SELECTMEN.—Joshua Bliss 95, 96, 98 to 1804, 12, Edward Tucker 95, Jonas Comins 95, 97, Asa Wheelock 96, Abijah Wheelock 96, 97, 1812, Oliver Palmer 97, Jonathan Eddy 98, Shubael Shortt 98 to 1801, Abdiel Bliss 99, Gersham Palmer 1800 to 4, 7 to 9, Peter Wheelock 2 to 4, Caleb Curtis 5, 6, 15 to 20, Gideon Hicks 5 to 9, 13, 15 to 20, Samuel Danforth 6, Lemuel Perry 7 to 9, 13, 14, 19, 22, Rufus Green 10, 11, Ebenezer Goodenough 10, 11, Levi Wright 10, 11, Gideon Wheelock 12, 21, Isaac Kendall 13, 15, Samuel Fay 14, Jera Wheelock 14, Jedediah Fay 16, 17, Aaron Lamb 18, Preserved Wright 20, 21, David G. Sheple 21, Joshua Bliss, 2d, 22, Caleb Putnam 22 to 26, Lovel Kelton 23, 36, Medad Wright 23, 24, Pardon Janes 24, 25, 27, Welcome Wheelock 25, 26, 37, 38, Shubael Wheeler 26, 27, Jonas Hall 27, 28, 30, Alonzo Pearce 28 to 30, William Robinson 28, 29, Oliver Merritt 29, Jesse White 30, 32, 33, 49, 50, Pliny Curtis 31, 32, Nelson A. Chase 31, 32, 42, 43, 45 to 47, Charles Sibley 31, Joseph Blanchard 33, 34, 48, Asa Alden 33, 34, 47, 49, 50, Charles Dudley 34, 35, 43, 44, Richard W. Tobey 35, 36, 39, Alonzo Pearce 35, Samuel Rich 36, Joseph Lance 37, 38, 39, Israel Dwinell 37, 38, John White 39, 40, J. Harvey Cole 40, 41, 53, 54, Lewis Wood 40, 41, 47, 48, 61, 62, 68, 69, Abdiel Kent 41, 42, 44 to 46, 66, 67, Chester Bugbee 42, 43, 48, 49, 55, 56, 57, 73, Stephen Pearce 44 to 46, Rufus P. Moses 50, 51, Mason W. Wright 51, 52, Alfred P. Hicks 51, 52, 55, 56, 64, 65, 67, 70, 71, 72, Jonas G. Ormsbee 52, 53, Allen Tobey 53, 54, John V. R. Kent 54, 55, 58, 59, 65, John Morse 56, John Rich 57, William S. Orcutt 57, 59, 60, 61, 66, 68, 69, Charles B. Marsh 58, Sidney H. Foster 58, 59, 60, Zephaniah G. Pierce 60, 61, 62, 77, 78, 9, Alonzo M. Foster 62, 63, Ezekiel Kent 63, 64, Ira S. Dwinell 63, William White 64, 68, 69, 74, 75, 78, 79, 80, Albert Dwinell 65, Benjamin P. White 66, 67, 70, 71, 72, Walter P. Slayton 70 to 74, 77, 80, J. Warren Leonard 73, 75, 76, 80, 81, Andrew Haskell, 74, Samuel O. Robinson 75, James K. Tobey 76, 81, Lemuel M. Cate 76, 81, Orson Putnam 77, 78, 9.
LISTERS.—Jedediah Fay 95, 98, 99, 1813, Abijah Wheelock 95, 1805, 11, Aaron Bliss 95, 1805, Samuel Fay 96, 99, 1801, 2, 3, 13, 15, 19, Jonas Comins 96, 1803, Goddard Wheelock 96, Gersham Palmer 97, 1806, Gideon Wheelock 97, 1802, 15, 16, Jonathan Tucker 97, 1809, Simon Davis 98, Levi Wright 98, 1801, 12, 44, 45, Phineas Davis 99, 1801, 5, Joshua Lilley 1800, Elnathan Hathaway 1800, 2, 3, Peter Wheelock iSoo, Jonathan Eddy1800, Caleb Curtis 1800, 2, 8, 9, 10, 18, 21, 22, 24, 25, 32, Daniel Carpenter 1801, James Ginnings 1801, 3, Edward Tucker 1802, Rufus Green 1803, Lemuel Perry 1803, 4, 19, Ebenezer Goodnough 1804, Alpheus Bliss 1804, Remember Kent 6, 7, Noah C. Clark 6, 7, Oliver Palmer 7, Joshua Bliss 8, 11, Samuel Danforth 8, Isaac Kendall 9, John R. Densmore 10, 12, 13, 15, Gideon Hicks 10, 11, 14, 16, 17, 18, 20, 23, 27, 32, 33, 37, Aaron Lamb 1812, Ephraim Ladd 14, Joel Robinson 14, 17, 20, 23, 26, Joshua Bliss, 2d, 16, Caleb B. Mitchell 17, Preserved Wright 18, Nathan B. Spaulding 19, Benjamin Page 20, Caleb Putnam 21, Isaac Davis 21, 23, Israel Dwinell 22, 24, Oliver Shipley 22, Lovel Kelton 24, 25, 27, 28, 31, 32, 33, Shubael Wheeler 25, 28, 29, 30, David G. Shipley 26, Lemuel Bliss 26, Welcome Wheelock 27, 30, Jabez Mower 28, Nelson A. Chase 29, 30, 34, 65, Pliny Curtis 29. 39, 40, Oliver Mower 31, Pardon Janes 31, Abdiel Kent 33, 34, 37, 42, 43, 47, Nathaniel Eaton 34, 35, 42, 43, 44, 52, Lewis Wood 35, 36, 38, 44, 45, Enoch C. McLoud 35, 36, 38, 39, 40, Charles Sibley 36, Alonzo Pearce 37, 52, John Walbridge 38, 39, Silas Wheelock 40, 56, Charles Dudley 41, 46, 47, 50, 51.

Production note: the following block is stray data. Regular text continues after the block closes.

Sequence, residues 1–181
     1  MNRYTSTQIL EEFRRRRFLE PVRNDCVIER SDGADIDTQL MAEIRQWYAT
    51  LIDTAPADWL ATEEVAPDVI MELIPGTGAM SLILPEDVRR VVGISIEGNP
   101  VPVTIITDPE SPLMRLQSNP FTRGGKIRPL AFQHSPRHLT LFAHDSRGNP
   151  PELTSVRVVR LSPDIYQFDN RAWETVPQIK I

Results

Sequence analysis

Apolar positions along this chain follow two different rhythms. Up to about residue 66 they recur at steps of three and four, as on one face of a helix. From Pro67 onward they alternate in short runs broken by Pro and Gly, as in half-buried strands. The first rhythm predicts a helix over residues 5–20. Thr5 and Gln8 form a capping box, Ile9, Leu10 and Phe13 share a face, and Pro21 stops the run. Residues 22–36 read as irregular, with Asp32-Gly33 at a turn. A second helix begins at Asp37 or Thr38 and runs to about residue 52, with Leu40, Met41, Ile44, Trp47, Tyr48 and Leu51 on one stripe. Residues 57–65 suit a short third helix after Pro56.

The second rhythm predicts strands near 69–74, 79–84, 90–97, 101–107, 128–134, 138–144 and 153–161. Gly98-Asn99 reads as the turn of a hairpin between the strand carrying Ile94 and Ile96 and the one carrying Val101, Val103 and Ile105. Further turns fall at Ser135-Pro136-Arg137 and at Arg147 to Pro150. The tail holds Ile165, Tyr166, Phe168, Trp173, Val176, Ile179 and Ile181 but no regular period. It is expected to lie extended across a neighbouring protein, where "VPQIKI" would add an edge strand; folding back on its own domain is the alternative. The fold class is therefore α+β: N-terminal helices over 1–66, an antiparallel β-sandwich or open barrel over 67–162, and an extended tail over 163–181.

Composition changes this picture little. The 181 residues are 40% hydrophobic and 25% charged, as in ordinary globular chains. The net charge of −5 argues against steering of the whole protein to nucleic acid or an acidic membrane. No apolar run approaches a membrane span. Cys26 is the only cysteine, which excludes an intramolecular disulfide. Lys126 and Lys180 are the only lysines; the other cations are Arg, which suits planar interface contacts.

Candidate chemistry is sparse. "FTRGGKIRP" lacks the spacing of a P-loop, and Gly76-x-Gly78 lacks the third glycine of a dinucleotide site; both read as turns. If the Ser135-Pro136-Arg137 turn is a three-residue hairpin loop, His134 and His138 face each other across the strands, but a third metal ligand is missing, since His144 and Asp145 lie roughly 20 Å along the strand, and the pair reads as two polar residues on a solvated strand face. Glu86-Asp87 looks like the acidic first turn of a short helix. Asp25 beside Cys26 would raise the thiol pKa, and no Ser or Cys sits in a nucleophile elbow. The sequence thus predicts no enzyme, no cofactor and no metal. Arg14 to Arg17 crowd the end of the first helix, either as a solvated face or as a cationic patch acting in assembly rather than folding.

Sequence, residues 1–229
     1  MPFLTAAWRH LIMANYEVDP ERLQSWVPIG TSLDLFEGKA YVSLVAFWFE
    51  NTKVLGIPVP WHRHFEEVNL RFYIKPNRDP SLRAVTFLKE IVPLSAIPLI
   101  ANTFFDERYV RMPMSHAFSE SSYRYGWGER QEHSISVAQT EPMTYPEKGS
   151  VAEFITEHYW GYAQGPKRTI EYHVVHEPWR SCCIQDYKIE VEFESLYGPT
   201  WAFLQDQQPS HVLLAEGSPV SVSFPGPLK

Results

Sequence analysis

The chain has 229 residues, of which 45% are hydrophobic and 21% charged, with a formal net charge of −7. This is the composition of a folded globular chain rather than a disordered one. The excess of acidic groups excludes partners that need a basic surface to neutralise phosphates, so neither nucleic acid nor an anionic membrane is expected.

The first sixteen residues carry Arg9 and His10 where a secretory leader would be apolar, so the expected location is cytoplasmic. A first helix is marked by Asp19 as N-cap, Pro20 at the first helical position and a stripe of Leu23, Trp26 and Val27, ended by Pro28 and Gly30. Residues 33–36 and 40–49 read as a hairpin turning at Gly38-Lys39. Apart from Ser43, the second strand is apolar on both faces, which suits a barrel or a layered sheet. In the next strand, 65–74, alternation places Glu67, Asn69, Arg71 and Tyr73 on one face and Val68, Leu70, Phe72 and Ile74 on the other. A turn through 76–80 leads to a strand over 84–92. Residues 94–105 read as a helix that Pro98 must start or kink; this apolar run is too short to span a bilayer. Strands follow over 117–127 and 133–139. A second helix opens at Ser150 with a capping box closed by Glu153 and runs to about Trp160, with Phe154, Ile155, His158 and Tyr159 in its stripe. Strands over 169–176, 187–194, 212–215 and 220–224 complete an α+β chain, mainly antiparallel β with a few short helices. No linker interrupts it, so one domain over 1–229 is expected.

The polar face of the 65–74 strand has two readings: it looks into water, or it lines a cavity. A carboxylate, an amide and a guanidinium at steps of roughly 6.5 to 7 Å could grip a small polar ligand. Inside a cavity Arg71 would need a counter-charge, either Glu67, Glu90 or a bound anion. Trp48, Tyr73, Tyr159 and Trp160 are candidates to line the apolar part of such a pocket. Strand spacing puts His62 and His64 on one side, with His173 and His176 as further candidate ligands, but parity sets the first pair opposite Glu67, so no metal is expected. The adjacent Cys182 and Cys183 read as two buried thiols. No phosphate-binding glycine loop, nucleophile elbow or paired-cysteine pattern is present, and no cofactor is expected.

Alfred P. Hicks 41, 43, 50, Richard. W. Tobey 41, Joseph Lance 42, Elias Smith 45, 46, 64, 73, 76, Ezekiel Kent 46, 57, 59, 60, 61, 62, 70, 71, J. Harvey Cole 47, 59, 60, J. W. E. Bliss 48, Charles Stevens 48, 49, John Rich 48, 49, 53, 54, Allen Tobey 49, 50, 51, 52, 55, 66, 74, Joseph W. Pierce 51, 57, 58, J. V. R. Kent 53, Ira S. Dwinell 53, 54, 55, J. Q. A. Allen 54, Jesse White 55, 56, Levi G. Dwinell 56, William White 57, 59, Loam Hathaway 58, Jacob Eaton 58, Chester Bugbee 60 to 63, 65, 68, 70, 71, J. Warren Leonard 61 to 63, I. Rich Kent 63 to 65, Lemuel M. Cate 64, 67, Charles French 66, 67, Lewis Bancroft 66, 67, 68, John Morse 68, Alfred P. Wheelock 69, Walter P. Slayton 69, John Q. Haskell 69, Charles B. Marsh 70, 71, James K. Tobey 72, 73, Andrew Haskell 72, 75, 76, 81, Alonzo C. Slayton 72, J. P. Carnes 73, 74, 78, 81, Albert Dwinell 74, 75, 78, Alpheus S. Bliss 73, 76, 9, Henry C. Wells 77, 81, Jerome N. Bliss 77, 80, Harry A. Morse 77, 78, 80, Albert C. George 79, Isaac Davis 79, Willard Bugbee 80.